Guest article

7-year gap: New nutrition concepts for a new elderly generation

New nutrition concepts for a new elderly generation

The ageing population remains under-served in terms of functional food and drink products, says Euromonitor's Diana Cowland, despite 'elderlies' living longer and healthier than ever before.

Even in tough economic conditions, today's elderly will continue to spend on products that reduce the signs of ageing, addressing such concerns as heart, bone and brain health and increase healthy life expectancy.

This differs somewhat from total life expectancy. In fact, across all regions covered by Euromonitor International, there is at least a 7-year difference between total life expectancy and healthy life expectancy at birth. In regions such as the Asia Pacific and Latin America, this difference is closer to 10 years. Hence, manufacturers looking to target the ageing population should focus their efforts on closing this gap.

Yet it is well known that the ageing population remains under-served in terms of functional food and drink products. Globally, however, there have been some specific products launched to tap into the leading health trends for this demographic, such as cardiovascular health.

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Cardiovascular health focuses on omega-3 and soy protein

As consumers become more aware of preventing the onset of diseases related to cardiovascular health, the number of deaths linked to the circulatory system and diabetes, for example, has fallen in recent years. Nevertheless, there is still room for innovation – global sales reached US$8 billion in 2012 – with close to 30 different ingredients associated with this positioning, ranging from vitamin C and soy protein to omega-3.

Soy protein is set to benefit from the growing ageing population. The ingredient carries a claim pertaining to heart health in the US whereby a food must contain at least 6.25g of soy protein per reference amount. However similar claims have been rejected in the EU.

New product development has also enabled greater fortification of widely consumed products. For example, in 2013, German food retailer Edeka and researchers from the Fraunhofer Institute for Process Engineering and Packaging IVV created a technique enabling sausage varieties to contain DHA and EPA.

Spend on functional products vital to success

However, for manufacturers to succeed, it is vital that they focus on populations with a high ageing index – the proportion aged over 65 in comparison to that aged 0-14 – and those consumers who spend on fortified/functional products. Over 2012-2017, the regions with the greatest potential to boost retail value include Western Europe, North America and Australasia.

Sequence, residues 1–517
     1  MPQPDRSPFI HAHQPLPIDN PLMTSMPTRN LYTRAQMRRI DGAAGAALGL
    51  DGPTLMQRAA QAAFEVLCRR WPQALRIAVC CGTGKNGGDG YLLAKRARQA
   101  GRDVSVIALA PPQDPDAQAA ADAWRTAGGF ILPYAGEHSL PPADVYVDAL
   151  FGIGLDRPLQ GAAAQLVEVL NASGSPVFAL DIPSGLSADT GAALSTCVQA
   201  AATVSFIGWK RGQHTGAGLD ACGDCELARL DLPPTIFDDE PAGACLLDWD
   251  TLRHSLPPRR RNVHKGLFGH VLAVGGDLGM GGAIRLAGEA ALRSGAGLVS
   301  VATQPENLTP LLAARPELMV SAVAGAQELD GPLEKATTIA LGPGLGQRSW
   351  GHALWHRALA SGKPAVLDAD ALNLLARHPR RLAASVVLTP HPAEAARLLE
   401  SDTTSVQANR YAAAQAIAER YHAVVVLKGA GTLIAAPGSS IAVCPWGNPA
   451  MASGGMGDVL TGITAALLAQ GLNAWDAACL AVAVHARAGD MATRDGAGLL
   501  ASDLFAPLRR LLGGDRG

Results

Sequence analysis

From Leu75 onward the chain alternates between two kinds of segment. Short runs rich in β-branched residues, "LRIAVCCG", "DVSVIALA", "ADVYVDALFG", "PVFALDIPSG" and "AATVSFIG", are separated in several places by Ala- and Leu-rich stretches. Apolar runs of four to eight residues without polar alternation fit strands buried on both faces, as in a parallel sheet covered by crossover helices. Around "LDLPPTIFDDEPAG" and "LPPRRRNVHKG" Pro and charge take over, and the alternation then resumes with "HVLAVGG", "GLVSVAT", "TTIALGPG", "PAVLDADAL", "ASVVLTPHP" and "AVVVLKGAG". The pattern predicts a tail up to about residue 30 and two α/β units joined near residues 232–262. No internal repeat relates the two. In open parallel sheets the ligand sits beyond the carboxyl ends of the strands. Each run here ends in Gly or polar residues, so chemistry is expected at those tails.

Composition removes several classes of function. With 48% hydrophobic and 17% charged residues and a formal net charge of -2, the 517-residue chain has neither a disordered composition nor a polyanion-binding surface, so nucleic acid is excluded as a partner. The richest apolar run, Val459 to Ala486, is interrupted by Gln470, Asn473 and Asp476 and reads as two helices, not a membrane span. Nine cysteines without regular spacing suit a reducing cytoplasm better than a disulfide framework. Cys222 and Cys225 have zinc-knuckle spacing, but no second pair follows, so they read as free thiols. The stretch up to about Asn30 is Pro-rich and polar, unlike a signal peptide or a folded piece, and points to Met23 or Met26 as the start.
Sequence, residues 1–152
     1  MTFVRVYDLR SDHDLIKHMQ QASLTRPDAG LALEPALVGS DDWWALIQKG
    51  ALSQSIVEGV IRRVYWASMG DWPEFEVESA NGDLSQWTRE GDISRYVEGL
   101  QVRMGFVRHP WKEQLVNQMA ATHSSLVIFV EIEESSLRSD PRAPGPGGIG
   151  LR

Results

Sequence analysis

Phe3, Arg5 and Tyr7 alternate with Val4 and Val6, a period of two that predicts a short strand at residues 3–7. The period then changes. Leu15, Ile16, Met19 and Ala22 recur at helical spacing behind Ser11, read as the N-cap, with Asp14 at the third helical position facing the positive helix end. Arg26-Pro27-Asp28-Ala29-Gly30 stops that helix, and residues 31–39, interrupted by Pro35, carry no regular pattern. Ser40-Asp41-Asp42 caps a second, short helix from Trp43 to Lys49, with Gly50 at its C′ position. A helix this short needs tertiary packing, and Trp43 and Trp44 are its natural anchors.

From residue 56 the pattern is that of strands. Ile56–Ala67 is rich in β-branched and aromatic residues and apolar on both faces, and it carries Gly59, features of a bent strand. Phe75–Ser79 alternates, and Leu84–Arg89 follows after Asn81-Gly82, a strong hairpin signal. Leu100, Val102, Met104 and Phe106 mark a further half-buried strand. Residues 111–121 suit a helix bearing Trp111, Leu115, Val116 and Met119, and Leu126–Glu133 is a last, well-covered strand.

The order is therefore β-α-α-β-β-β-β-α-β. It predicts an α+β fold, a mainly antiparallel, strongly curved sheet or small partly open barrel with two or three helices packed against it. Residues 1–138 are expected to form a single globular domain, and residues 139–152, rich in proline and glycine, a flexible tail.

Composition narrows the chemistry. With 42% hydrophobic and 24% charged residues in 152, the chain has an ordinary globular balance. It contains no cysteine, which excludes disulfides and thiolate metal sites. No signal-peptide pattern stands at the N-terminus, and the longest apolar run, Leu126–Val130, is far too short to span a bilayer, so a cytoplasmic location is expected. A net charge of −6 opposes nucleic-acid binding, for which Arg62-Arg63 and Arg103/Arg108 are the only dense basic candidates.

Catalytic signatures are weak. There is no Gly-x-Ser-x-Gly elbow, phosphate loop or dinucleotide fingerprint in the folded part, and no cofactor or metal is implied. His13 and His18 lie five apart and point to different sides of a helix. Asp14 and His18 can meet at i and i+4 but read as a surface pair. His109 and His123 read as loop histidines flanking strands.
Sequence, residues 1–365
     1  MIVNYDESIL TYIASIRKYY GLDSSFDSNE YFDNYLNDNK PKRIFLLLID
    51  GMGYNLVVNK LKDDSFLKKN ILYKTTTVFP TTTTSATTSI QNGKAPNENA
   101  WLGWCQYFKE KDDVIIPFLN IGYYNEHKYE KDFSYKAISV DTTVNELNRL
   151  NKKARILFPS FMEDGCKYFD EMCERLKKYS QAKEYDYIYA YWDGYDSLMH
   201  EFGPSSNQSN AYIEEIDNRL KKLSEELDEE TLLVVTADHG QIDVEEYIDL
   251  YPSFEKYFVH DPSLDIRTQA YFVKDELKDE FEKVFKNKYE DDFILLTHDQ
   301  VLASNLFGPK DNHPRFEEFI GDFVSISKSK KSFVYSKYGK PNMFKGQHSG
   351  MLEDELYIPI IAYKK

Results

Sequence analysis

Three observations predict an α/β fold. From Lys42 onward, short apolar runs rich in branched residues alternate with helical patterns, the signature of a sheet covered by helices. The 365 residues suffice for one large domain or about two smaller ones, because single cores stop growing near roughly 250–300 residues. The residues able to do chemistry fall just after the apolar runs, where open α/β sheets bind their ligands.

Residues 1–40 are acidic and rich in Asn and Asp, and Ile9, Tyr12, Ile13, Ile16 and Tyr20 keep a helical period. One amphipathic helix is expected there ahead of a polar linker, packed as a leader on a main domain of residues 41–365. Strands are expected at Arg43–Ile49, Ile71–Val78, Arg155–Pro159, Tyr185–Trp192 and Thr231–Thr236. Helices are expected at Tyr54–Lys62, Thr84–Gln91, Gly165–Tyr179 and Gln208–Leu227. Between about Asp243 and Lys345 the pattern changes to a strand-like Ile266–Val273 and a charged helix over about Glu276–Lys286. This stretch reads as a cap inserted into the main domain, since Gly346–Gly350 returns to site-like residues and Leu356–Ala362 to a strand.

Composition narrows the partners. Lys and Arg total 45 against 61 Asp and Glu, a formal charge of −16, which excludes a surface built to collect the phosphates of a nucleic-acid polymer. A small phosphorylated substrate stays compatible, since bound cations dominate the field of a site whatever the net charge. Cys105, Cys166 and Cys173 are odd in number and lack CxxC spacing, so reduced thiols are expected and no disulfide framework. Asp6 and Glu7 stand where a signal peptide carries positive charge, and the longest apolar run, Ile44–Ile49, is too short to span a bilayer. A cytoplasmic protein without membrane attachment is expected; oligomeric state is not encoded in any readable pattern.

Need for a greater variety of brain health-positioned products

In contrast to deaths from circulatory disorders and diabetes, deaths from mental disorders continue to rise, thus highlighting the need for products supporting brain health and memory. In 2012, global sales remained low at just US$527 million. In order to achieve growth, the focus should be on short-term tangible benefits, such as promoting improved memory and concentration, to remove scepticism. Once consumers gain trust in these products manufacturers can look to extend their range of products catering for long-term brain health and innovate in rapidly growing categories such as bakery and juice.

Bone health - innovate beyond calcium to achieve growth

However, it is bone health which stands out as the winner, with the vast majority of products focused on the benefits of calcium and more recently vitamin D. Yoplait’s Calin+ yoghurt, for example, was launched specifically for the ageing female population and provides 100% of the RDA of vitamin D, while also being rich in calcium.

There is, however, scope to develop bone and joint health further via the use of over 10 ingredients, including vitamins, minerals, protein and even collagen. Rousselot’s collagen peptide product Peptan, for example, is used in TIMEFINE, a product which is certified to use the ‘improved bone density’ health claim in China.

Bone health is, in fact, set to remain the leading ageing-related prime positioning over the forecast period.

The ultimate goal is a rise in healthy life expectancy

An increase in innovation has led to a greater variety of products targeting the ageing demographic. However, functional food and drink products can only truly be a success if, through strong efficacy and growing sales, they ultimately contribute to improving healthy life expectancy.

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Comments (2)

María Isabel Matos - Vera - 19 Sep 2013 | 11:43

Elderly nutrition concepts

As nutritionist and professor I have to know the factors influence the quality of life of the aging people.\Thanks

19-Sep-2013 at 23:43 GMT

Sherry-Anne Jacobs - 02 Sep 2013 | 05:14

One elders' problem missed

Your article missed out on another problem quite a few older people get ie food intolerances. There is no mention of this. I got hit by several intolerances in my late 50s and meet other older people who are the same. Don't forget us! Free from is usually only wheat free - there are other problems, including that damned omnipresent maize/cornflour for me.

02-Sep-2013 at 17:14 GMT

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